Another cluster of arguments about partial matching relates to the limited resources of laboratories and law enforcement units, asserting that fortuitous matches are functionally “better” than deliberately identified ones for reasons of quality or cost. But there is no sound basis to believe that fortuitous partial matches are of higher quality or lower overall cost than deliberately uncovered ones. This is especially so in view of the fact that CODIS is not well designed to identify familial relationships and the pioneering of more sensitive database software in California, Colorado, and elsewhere. There is also little reason to believe that, insofar as DNA evidence may monopolize investigative efforts while other critical investigative information is lost in the interim, that allure is any less harmful in the context of fortuitous partial matches than deliberate ones. If partial matching is to be pursued, more principled lines need to be drawn in response to concerns about skewed investigations than the one between fortuitous and deliberate partial matches. For instance, states might restrict partial matching to those cases in which other investigative leads have been exhausted. To date, only California, Nebraska, and Texas have implemented such a rule, and each permits both forms of partial matching.

Our sympathies for the plight of the lab analyst who discovers, but cannot report, a fortuitous partial match should be no more persuasive. Such a perspective once again falsely treats fortuitous partial matches both as data points that “just happen” during routine database searches and as information that can simply be reported to investigators. As the preceding discussions have made evident, extra steps are necessary wherever partial matches are in play, whether fortuitous or deliberate. This argument thus collapses back into an argument about the relevance of intent with regard to identifying partial matches.

Finally, the possibility of a near-perfect match is not a sound basis for justifying the partial matching policies states have put in place. No state has in place so limited a policy permitting partial matching. Moreover, such matches are extremely unlikely to occur. If arguments about privacy, discrimination, or family integrity are at all persuasive, they remain persuasive as a general matter and ought not be breached for the sake of a policy that will virtually never yield its intended benefits. And if these arguments are not persuasive, then there is no sense in only responding to near-perfect matches when they arise fortuitously.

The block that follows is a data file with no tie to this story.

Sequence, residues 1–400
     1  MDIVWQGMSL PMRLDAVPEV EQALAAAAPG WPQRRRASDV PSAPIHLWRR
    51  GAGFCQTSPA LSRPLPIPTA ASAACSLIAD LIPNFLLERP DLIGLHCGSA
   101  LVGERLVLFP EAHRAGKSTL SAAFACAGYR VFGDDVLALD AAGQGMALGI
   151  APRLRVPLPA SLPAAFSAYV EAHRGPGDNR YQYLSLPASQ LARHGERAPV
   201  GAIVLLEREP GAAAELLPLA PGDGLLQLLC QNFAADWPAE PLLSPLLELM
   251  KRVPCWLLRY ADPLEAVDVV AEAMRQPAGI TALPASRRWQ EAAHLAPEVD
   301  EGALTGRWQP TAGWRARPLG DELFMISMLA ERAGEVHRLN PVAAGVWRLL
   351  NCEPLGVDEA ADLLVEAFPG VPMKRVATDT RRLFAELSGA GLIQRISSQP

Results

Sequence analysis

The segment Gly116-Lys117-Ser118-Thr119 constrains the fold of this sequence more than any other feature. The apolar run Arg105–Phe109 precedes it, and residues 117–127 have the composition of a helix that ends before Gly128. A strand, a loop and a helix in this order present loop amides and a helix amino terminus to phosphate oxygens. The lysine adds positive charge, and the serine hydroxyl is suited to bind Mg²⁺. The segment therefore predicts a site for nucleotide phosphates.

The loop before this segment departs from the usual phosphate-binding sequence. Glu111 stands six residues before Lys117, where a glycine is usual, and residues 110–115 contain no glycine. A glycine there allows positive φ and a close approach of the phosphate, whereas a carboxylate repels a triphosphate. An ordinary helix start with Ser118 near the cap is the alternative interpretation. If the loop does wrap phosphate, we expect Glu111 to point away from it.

Conclusion

Very little is publicly known about state practices regarding partial matching, whether fortuitously or deliberately discovered. Policymaking in this arena has largely taken place behind closed laboratory doors, with little or no public knowledge. But public interest in and concern about partial matching is growing rapidly, thanks to California’s evident success in identifying the Grim Sleeper killer.

This survey reports that at least nineteen states have already released partial match information to investigators or have a policy in place for doing so. At least fourteen of these states draw a clear line between fortuitous and deliberate partial matches.

But this line creates a distinction without a difference, and policymakers should reject it. States ought to treat the two forms of partial matching similarly. The reason is simple: public oversight matters. The distinction between fortuitous and deliberate partial matching obscures what partial matching does—it provides genetically-based investigative leads to possible perpetrators, but at the same time makes numerous innocent individuals potential investigatory targets simply by virtue of their genetic relationship with a past offender or arrestee. This is not the ordinary course of genetic identification or the traditional use of DNA databases. If we are to accept such a change, we ought to do so forthrightly and transparently. Hiding this fact behind the fortuitous/deliberate distinction disserves the public.

Acknowledgments:

Copyright © 2011 Stanford Law Review.

About the Author: Natalie Ram is a Law Clerk to the Honorable Stephen G. Breyer, Associate Justice, U.S. Supreme Court.

Citation: Natalie Ram, Fortuity and Forensic Familial Identification, LEGAL WORKSHOP, Nov. 16, 2011, https://legalworkshop.org/2011/11/16/fortuity-forensic-familial-identification.

Based on: Natalie Ram, Fortuity and Forensic Familial Identification, 63 STAN. L. REV. 751 (2011).

  1. Alabama, Arizona, California, Colorado, Connecticut, Florida, Louisiana, Minnesota, Missouri, Montana, Nebraska, New York, North Carolina, Oklahoma, Oregon, South Carolina, Texas, Washington, and Wyoming. As this article was going to press, two states underwent significant changes in policy. Virginia completed its draft policy and validated software for deliberate partial matching. That state now conducts at least deliberate searches for partial matches. In Minnesota, draft legislation was introduced that would permit both fortuitous and deliberate partial matching. These new data are not reflected in the Article’s analysis, but they do not change its reasoning or conclusion.
  2. Alabama, Arizona, California, Colorado, Connecticut, Florida, Minnesota, Missouri, Nebraska, New York, Oklahoma, Texas, Washington, and Wyoming.
  3. Arizona, California, Colorado, Connecticut, Florida, Nebraska, North Carolina, Oklahoma, Oregon, Texas, and Washington.
  4. Ellen Nakashima, From DNA of Family, a Tool to Make Arrests, WASH. POST, Apr. 21, 2008, at A1 (quoting Thomas Callaghan).
  5. Erin Murphy, Relative Doubt: Familial Searches of DNA Databases, 109 MICH. L. REV. 291, 320 (2010).
  6. Michael Seringhaus, The Problem Child: Forensic DNA Databases, Familial Search, and A Call for Reform 70 (May 5, 2010) (unpublished manuscript), available at http://digitalcommons.law.yale.edu/ylsspps_papers/50/.
  7. Nakashima, supra note 4, at A1 (quoting Thomas Callaghan).